% of Projects on a Red/Amber Status
Measure the number of projects with a red or amber status at gate reviews, stage reviews or at monthly reporting. Alone, this number doesn’t tell you much, and you certainly don’t want to encourage project teams to under-report problems just so their projects aren’t counted in the monthly numbers. However, combined with other measures it can be an interesting (and easy) number to track. You might also want to add the time period that a project has been on the status of red as this would tell you that the issues are not being resolved, or that the project is hitting multiple issues time and time again – also good to know.
Project management skills
If you have a career path, or defined competencies for project managers, you can track the department’s overall growth in skills maturity. Measure competence at the beginning of the year, do your training programme or whatever, and then measure again at the end of the year. It’s a simple way to show that your staff are getting better and that should have an impact on the success of your project management delivery.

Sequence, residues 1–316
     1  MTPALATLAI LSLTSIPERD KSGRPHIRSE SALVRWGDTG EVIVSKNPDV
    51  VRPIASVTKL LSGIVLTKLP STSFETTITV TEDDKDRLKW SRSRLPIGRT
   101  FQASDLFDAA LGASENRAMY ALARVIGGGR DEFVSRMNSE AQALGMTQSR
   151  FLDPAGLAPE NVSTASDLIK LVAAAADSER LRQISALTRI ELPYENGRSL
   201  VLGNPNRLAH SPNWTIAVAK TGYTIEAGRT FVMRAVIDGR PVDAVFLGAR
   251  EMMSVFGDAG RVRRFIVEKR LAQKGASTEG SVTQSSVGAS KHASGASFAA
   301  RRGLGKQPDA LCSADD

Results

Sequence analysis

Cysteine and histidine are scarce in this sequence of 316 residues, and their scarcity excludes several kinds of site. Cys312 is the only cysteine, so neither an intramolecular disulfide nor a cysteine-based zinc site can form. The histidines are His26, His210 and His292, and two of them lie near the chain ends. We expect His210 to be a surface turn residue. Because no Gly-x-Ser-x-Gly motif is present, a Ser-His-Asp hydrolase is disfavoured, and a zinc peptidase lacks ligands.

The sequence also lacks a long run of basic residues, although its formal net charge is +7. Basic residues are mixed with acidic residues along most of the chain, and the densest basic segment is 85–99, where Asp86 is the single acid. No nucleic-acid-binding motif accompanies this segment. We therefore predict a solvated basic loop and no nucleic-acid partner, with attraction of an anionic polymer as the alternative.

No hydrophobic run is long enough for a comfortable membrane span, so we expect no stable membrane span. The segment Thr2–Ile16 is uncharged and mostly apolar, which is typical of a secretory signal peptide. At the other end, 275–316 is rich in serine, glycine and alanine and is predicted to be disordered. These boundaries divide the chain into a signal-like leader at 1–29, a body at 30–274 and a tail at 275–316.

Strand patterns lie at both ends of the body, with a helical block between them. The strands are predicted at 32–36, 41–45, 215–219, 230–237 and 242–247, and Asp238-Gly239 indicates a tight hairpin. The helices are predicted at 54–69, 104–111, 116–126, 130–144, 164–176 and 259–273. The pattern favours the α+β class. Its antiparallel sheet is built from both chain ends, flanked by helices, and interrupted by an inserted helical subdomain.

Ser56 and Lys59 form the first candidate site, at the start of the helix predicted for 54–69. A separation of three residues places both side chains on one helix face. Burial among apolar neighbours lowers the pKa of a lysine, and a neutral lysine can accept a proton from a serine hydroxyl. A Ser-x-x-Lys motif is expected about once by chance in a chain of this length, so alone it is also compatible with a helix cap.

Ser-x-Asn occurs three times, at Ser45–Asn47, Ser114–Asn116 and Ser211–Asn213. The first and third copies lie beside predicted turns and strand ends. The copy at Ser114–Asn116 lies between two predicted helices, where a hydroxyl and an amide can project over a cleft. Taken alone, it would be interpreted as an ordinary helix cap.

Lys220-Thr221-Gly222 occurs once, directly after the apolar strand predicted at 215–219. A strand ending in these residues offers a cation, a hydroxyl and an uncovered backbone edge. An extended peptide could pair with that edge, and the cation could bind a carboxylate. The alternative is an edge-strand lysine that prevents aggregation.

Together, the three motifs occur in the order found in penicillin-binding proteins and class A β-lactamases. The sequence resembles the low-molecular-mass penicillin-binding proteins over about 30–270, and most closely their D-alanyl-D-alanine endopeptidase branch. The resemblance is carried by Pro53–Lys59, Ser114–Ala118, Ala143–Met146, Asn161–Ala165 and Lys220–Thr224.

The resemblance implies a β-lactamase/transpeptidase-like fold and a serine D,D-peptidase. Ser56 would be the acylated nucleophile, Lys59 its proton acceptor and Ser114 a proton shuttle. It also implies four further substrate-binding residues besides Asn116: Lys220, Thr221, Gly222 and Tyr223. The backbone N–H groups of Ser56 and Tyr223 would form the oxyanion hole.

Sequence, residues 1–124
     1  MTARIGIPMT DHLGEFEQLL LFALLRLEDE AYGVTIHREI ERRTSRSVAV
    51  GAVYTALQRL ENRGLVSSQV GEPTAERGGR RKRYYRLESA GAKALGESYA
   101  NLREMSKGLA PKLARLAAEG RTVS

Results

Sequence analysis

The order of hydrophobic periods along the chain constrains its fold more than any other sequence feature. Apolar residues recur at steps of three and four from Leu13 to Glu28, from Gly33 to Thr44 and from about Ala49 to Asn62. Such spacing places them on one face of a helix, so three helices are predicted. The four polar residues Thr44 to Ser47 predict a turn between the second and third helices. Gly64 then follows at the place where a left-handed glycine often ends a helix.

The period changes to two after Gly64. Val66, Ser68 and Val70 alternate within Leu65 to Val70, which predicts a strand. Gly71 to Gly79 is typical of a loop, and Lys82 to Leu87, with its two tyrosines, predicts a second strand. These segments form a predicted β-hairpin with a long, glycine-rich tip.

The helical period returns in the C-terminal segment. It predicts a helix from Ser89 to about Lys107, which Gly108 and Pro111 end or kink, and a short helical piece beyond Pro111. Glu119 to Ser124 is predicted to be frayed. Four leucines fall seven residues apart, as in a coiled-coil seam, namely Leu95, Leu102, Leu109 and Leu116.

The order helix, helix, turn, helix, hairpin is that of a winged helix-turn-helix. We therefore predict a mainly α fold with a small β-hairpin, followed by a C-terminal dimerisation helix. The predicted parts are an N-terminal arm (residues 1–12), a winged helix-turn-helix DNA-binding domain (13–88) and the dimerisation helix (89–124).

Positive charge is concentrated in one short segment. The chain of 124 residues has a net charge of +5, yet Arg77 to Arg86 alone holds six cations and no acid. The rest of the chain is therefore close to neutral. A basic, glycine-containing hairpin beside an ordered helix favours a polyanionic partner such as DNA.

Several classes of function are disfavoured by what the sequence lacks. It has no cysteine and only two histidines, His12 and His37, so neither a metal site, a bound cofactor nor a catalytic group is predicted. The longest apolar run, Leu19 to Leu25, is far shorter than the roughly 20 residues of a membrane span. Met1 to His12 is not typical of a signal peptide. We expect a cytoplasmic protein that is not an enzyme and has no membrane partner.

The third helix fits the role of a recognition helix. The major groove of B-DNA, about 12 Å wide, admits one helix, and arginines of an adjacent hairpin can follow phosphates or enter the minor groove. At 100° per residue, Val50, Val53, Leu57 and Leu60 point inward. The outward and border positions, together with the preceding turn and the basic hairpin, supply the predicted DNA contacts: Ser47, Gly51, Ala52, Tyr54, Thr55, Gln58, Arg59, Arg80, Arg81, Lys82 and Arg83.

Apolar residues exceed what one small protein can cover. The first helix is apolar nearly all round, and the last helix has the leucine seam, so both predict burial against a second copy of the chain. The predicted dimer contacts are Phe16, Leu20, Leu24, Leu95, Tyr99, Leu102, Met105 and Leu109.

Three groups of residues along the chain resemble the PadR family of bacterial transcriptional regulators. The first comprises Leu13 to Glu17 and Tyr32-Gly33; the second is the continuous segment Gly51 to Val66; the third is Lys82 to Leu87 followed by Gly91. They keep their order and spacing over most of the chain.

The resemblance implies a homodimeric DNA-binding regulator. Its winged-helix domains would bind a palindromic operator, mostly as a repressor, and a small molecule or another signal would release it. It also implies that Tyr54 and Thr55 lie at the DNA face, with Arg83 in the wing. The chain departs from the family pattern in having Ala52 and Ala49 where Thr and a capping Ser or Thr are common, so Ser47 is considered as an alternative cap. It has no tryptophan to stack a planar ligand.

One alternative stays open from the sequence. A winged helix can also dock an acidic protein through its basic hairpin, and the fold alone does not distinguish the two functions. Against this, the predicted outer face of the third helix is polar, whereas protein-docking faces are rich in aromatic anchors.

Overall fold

As you would for project managers, use one of the PMO maturity models or organisational project management maturity models to measure your business’ maturity when it comes to progress. Then take the measure again in 12 months.
This can be subjective, and it feels like ages before you can do the measure again, but it is certainly interesting to see how things have changed!
Here are some other measures, slightly harder to implement.
What other measures do you use?
Over the last few articles, I’ve looked at how the Project Cost Management Knowledge Area has been revised in the new PMBOK Guide®-- Sixth Edition. Broadly, it’s been spruced up and clarified, and you’ll need to know the updates if your sitting the exam. As for changing what you do day to day at work – not so much.